When I ultimately decided to look at leaving behind agency recruiting I wasn’t sure where to start. So I did what any sourcer/recruiter would do, I SOURCED! First, stop SourceCon Facebook Group this was a tremendous amount of help when looking at different roles and networking with professionals who made the transition as well. Next up was sourcing for the right company and the right role.

Once I narrowed down the companies I wanted to look for and found open roles, I took a deep sourcing dive. I would search for current job openings, source individuals at that company in the same or a similar role and look at their background as it related to mine. I would then look to find out who their manager was as the potential hiring manager for the role I came across. This was a HUGE help when editing the resume and applying to the role with confidence.

I had a successful ability in getting to the initial screen, but ultimately fell short and it was always due to the company going with someone with corporate experience. Without having any, that was something I couldn’t compete with. So I tailored the resume and my conversations in a way to relate my interactions from the agency world and how it would be beneficial to the corporate side. One thing I did notice is the same question was asked regarding the speed of corporate vs. agency and how I would be able to adjust.

This I felt was odd, because when speaking to managers their time to fill was anywhere from 60-90 days on average per opening. I was blown away. I was used to the agency world where a fill was anywhere from 2-4 weeks! After seeing this come up, I started to relay how I could help improve their time to fill rates and come in with an agency perspective when working with the managers.

Corporate Experience:

American Tire Distributors (ATD), the nation’s largest tire distributor posted a sourcing role on a Thursday morning, I applied and had my first interview the very next day. When I got the invite to come in onsite the following week, I got to work sourcing more of the team members in TA and across HR. I wanted to be prepared. This role was to be the very first sourcing member of TA and help build out the sourcing function. This was a dream job and I was going to knock the interview out of the park.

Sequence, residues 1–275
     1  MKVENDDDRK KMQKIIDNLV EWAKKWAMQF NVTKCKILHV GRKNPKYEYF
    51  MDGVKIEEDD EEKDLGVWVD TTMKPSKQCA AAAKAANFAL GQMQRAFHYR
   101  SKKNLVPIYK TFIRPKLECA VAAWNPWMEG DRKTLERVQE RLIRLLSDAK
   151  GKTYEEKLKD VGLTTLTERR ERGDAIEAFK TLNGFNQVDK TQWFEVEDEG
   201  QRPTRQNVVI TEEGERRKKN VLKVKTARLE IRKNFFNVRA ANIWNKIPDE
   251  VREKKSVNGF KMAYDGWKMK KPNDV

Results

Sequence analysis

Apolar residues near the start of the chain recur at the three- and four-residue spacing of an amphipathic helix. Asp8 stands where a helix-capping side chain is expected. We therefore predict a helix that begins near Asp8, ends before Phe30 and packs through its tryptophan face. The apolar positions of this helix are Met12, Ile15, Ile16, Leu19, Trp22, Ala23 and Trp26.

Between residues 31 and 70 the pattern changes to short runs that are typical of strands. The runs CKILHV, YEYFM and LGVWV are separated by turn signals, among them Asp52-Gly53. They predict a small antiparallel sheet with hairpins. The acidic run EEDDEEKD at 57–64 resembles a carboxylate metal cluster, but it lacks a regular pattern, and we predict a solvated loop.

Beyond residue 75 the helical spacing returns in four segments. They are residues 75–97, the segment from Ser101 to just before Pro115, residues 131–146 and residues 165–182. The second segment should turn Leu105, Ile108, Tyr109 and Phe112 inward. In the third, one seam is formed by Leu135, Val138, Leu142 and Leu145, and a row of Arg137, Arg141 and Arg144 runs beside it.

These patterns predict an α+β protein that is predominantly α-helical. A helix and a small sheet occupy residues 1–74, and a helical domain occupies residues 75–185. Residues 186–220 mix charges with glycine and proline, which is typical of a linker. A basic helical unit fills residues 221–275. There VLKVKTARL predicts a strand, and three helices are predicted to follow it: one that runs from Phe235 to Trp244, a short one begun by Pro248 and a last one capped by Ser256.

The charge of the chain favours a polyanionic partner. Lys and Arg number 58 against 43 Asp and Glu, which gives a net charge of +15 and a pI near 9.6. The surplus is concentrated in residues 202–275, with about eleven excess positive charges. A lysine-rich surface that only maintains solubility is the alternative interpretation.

My first day with ATD I wanted to meet everyone and anyone at the company. I wanted to get to know the inner workings of the company I was getting ready to sell to future employees. When working within the agency this was shielded off as you were only able to interact with the manager and the team, but not the entire org perhaps. I went to work connecting with individuals on LinkedIn, reaching out via email to introduce myself and meet the hiring managers I would soon be supporting.

My foundation in the agency world truly set me up for success in the corporate world by being effective and efficient with each move precisely calculated to always move steps forward rather than backward because the timing was of the essence. Having prior experience speaking with hiring managers allowed me to get quick buy in from ATD managers.

Keys to Success:

The ATD opportunity was a once in a life time opportunity for me and I ran with it. The stars truly aligned and my foundation has helped a lot. I loved every minute sourcing and recruiting in the agency world even if things didn’t go as planned, it still was a great experience. Being able to lean on recruiting managers, account managers, and fellow recruiters the best thing to do is soak up everything like a sponge. Those individuals are a wealth of knowledge and I can’t thank my peers enough for the knowledge they have shared with me.

Being on the other side opens up more visibility within the recruiting process and I can’t stress enough but to get as much visibility into the business as much as possible. There is no such thing as a useless piece of information.

This article is part of a series called Editor's Pick.